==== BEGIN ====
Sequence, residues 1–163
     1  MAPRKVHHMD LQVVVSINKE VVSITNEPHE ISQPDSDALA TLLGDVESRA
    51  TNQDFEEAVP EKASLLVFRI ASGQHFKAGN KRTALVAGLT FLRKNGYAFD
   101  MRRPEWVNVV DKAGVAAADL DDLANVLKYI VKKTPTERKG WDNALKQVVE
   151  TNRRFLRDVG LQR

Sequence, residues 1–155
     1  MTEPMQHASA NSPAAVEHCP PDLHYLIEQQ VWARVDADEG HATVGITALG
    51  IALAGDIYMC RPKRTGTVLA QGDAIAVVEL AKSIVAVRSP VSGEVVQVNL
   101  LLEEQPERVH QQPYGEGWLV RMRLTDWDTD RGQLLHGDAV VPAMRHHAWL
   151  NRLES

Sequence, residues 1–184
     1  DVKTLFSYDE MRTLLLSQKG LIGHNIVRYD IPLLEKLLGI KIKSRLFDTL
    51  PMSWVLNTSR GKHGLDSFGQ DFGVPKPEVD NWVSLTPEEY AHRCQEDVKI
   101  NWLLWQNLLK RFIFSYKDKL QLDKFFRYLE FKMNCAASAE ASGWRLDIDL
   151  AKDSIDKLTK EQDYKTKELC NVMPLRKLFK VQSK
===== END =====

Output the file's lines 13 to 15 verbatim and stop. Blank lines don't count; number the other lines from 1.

    51  PMSWVLNTSR GKHGLDSFGQ DFGVPKPEVD NWVSLTPEEY AHRCQEDVKI
   101  NWLLWQNLLK RFIFSYKDKL QLDKFFRYLE FKMNCAASAE ASGWRLDIDL
   151  AKDSIDKLTK EQDYKTKELC NVMPLRKLFK VQSK